Dead-End Drive-In

  • Reviewed by: Tim Salmons
  • Review Date: Nov 29, 2016
  • Format: Blu-ray Disc
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Dead-End Drive-In


Brian Trenchard-Smith

Release Date(s)

1986 (September 20, 2016)


New World Pictures (Arrow Video)
  • Film/Program Grade: B-
  • Video Grade: A
  • Audio Grade: A-
  • Extras Grade: A-

Dead-End Drive-In (Blu-ray Disc)



From the director of The Man from Hong KongStunt Rock, and BMX Bandits, Brian Trenchard-Smith, comes Dead-End Drive-In, which was originally released in 1986. It’s an apocalyptic tale about a future society wherein many of the gangs and troublemakers are kept locked up in a local drive-in by the government. After taking his lady of the evening to a movie and accidentally being locked up inside, a strong-willed young man does whatever he can do to try and escape. A victim of obscurity with a very early cult film DVD release by Anchor Bay, Dead-End Drive-In has been languishing for years with no physical media release in print... until now.

Remembering it only from its VHS box art, I was under the impression that Dead-End Drive-In was a horror film in the vein of something like The Lost Boys or Nightbreed. The reality is that it’s more aligned with Repo Man and Mad Max in terms of look and feel. There’s plenty of on-screen world-building going on, as opposed to a lot of the other apocalyptic movies from the 80s that took place in the desert simply for budgetary reasons. It’s especially cool to watch all of the stunt performers do their thing here in a wonderfully-realized environment. Sadly, the movie tends to be dull in many places, particularly when the lead characters begin exploring the drive-in, meeting the different factions and understanding the way of life there. It’s essential establishment, but tends involve a lot of sitting around and talking, which is bad news in an action movie.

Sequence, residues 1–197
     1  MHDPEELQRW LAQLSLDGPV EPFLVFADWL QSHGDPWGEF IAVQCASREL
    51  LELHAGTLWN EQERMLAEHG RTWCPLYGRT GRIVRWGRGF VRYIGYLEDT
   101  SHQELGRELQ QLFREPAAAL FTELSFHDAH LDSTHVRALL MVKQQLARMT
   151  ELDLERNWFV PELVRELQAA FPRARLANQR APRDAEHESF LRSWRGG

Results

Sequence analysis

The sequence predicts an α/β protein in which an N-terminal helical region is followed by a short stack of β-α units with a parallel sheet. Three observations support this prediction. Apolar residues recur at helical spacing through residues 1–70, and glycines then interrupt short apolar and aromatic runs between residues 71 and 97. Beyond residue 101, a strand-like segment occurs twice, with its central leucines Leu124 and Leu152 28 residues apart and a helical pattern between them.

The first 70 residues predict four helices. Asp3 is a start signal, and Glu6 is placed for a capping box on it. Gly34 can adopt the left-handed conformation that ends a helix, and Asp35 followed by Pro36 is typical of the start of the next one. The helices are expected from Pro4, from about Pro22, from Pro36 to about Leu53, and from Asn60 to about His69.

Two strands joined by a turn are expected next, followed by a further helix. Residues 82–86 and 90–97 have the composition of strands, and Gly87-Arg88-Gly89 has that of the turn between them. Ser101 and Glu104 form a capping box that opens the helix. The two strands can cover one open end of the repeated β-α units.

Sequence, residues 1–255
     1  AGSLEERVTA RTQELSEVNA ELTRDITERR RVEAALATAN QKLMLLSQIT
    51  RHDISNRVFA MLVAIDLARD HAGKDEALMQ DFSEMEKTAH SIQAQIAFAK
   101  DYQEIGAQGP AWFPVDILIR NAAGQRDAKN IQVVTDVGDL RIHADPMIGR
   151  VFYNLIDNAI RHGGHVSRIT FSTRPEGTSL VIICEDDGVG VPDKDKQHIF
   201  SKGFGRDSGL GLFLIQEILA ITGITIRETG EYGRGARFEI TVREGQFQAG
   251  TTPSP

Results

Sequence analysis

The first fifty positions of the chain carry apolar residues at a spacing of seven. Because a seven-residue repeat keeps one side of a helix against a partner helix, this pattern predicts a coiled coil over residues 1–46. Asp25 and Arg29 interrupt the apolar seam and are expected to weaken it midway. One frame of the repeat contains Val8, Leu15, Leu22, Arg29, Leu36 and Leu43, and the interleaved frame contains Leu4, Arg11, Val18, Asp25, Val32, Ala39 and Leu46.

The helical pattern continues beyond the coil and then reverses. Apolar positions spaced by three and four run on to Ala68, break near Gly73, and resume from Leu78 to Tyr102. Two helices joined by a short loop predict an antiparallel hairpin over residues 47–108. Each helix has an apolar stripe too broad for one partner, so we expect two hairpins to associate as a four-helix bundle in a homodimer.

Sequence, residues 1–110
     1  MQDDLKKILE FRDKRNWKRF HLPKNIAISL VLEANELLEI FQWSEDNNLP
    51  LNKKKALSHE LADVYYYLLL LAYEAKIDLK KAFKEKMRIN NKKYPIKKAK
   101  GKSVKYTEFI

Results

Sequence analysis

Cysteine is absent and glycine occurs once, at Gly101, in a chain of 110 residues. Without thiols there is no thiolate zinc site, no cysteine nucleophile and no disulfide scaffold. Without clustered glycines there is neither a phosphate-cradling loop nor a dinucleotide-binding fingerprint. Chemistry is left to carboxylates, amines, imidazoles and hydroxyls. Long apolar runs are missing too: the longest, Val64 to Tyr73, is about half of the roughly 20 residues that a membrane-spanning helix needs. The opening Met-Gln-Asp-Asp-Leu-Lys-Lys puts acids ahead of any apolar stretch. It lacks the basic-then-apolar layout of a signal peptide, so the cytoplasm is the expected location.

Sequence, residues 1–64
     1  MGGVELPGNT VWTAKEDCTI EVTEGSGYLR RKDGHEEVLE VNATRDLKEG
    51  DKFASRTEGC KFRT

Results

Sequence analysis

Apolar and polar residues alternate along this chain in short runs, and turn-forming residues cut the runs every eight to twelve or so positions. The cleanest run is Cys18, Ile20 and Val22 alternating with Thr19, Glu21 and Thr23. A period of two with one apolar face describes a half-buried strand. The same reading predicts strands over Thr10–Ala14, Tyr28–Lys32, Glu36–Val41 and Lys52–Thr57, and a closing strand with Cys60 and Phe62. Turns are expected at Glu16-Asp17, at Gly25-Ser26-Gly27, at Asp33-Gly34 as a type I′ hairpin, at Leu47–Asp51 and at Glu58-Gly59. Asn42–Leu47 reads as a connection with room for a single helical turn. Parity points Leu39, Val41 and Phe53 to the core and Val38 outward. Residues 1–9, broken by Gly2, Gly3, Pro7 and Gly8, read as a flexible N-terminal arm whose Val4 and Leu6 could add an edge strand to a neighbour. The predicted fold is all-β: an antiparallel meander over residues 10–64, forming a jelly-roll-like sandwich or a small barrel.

Arrow Video’s release of the film on Blu-ray features a new 2K restoration taken from the original 35mm camera negative. It’s an extremely organic-looking transfer with wonderful depth and clarity, solid grain levels, and striking detailing throughout. Colors are strong and really pop, including skin tones which look very accurate. Blacks are also deep with good shadow detailing, and both brightness and contrast levels are perfect. It’s a very clean transfer with few film artifacts leftover, although a couple of lines running through the frame can be spotted. The audio comes in a single option: English 2.0 LPCM. The track packs a punch with a strong stereo field, which the score, music, and sound effects benefit from greatly. There’s also some nice directionality and ambient activity. Dialogue is clear and precise. Optional subtitles are included in English SDH for those who might need them.

In the supplemental department, there’s an audio commentary with director Brian Trenchard-Smith; The Stuntmen documentary and the Hospitals Don’t Burn Down! short film, both directed by Trenchard-Smith; a behind-the-scenes still gallery by Vladimir Cherepanoff; the original theatrical trailer; and a 28-page insert booklet with essays on the film by Cullen Gallagher and Neil Mitchell, as well as an essay on the Hospitals Don’t Burn Down! short, also by Mitchell. The only thing missing from the out of print Anchor Bay DVD release is a poster and still gallery.

Oddly topical and filled with familiar 80s synth music, Dead-End Drive-In earns points for originality and some excellent action set pieces. It may not have the edge of something like The Road Warrior, but it has enough imagination and enthusiasm to (mostly) make up for its lack of a narrative heartbeat. Arrow Video’s presentation of the movie is pretty stellar, and definitely the way to experience it, whether you’re a fan or a newcomer.

- Tim Salmons


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